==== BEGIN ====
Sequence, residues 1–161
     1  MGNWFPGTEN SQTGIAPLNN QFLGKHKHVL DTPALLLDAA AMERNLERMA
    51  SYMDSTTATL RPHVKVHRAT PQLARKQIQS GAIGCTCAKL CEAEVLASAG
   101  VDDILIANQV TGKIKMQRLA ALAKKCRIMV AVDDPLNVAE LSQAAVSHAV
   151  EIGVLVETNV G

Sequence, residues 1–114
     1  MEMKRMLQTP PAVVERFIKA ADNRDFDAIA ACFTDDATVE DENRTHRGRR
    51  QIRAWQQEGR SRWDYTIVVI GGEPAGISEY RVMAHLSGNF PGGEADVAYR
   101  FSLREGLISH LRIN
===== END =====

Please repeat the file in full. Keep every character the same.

Sequence, residues 1–161
     1  MGNWFPGTEN SQTGIAPLNN QFLGKHKHVL DTPALLLDAA AMERNLERMA
    51  SYMDSTTATL RPHVKVHRAT PQLARKQIQS GAIGCTCAKL CEAEVLASAG
   101  VDDILIANQV TGKIKMQRLA ALAKKCRIMV AVDDPLNVAE LSQAAVSHAV
   151  EIGVLVETNV G

Sequence, residues 1–114
     1  MEMKRMLQTP PAVVERFIKA ADNRDFDAIA ACFTDDATVE DENRTHRGRR
    51  QIRAWQQEGR SRWDYTIVVI GGEPAGISEY RVMAHLSGNF PGGEADVAYR
   101  FSLREGLISH LRIN